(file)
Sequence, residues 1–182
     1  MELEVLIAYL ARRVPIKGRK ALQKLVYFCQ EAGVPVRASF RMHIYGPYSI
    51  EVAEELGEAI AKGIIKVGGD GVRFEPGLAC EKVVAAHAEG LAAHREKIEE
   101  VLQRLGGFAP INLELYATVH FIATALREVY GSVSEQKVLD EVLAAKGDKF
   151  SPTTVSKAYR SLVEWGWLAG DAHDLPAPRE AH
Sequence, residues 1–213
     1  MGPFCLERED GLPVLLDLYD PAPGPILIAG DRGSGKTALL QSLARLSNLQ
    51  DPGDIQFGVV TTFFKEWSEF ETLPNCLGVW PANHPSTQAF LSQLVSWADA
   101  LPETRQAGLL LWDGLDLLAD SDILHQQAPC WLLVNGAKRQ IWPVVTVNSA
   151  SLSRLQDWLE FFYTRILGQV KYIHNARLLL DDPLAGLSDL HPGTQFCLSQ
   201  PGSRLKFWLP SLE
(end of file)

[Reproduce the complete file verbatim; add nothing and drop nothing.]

Sequence, residues 1–182
     1  MELEVLIAYL ARRVPIKGRK ALQKLVYFCQ EAGVPVRASF RMHIYGPYSI
    51  EVAEELGEAI AKGIIKVGGD GVRFEPGLAC EKVVAAHAEG LAAHREKIEE
   101  VLQRLGGFAP INLELYATVH FIATALREVY GSVSEQKVLD EVLAAKGDKF
   151  SPTTVSKAYR SLVEWGWLAG DAHDLPAPRE AH
Sequence, residues 1–213
     1  MGPFCLERED GLPVLLDLYD PAPGPILIAG DRGSGKTALL QSLARLSNLQ
    51  DPGDIQFGVV TTFFKEWSEF ETLPNCLGVW PANHPSTQAF LSQLVSWADA
   101  LPETRQAGLL LWDGLDLLAD SDILHQQAPC WLLVNGAKRQ IWPVVTVNSA
   151  SLSRLQDWLE FFYTRILGQV KYIHNARLLL DDPLAGLSDL HPGTQFCLSQ
   201  PGSRLKFWLP SLE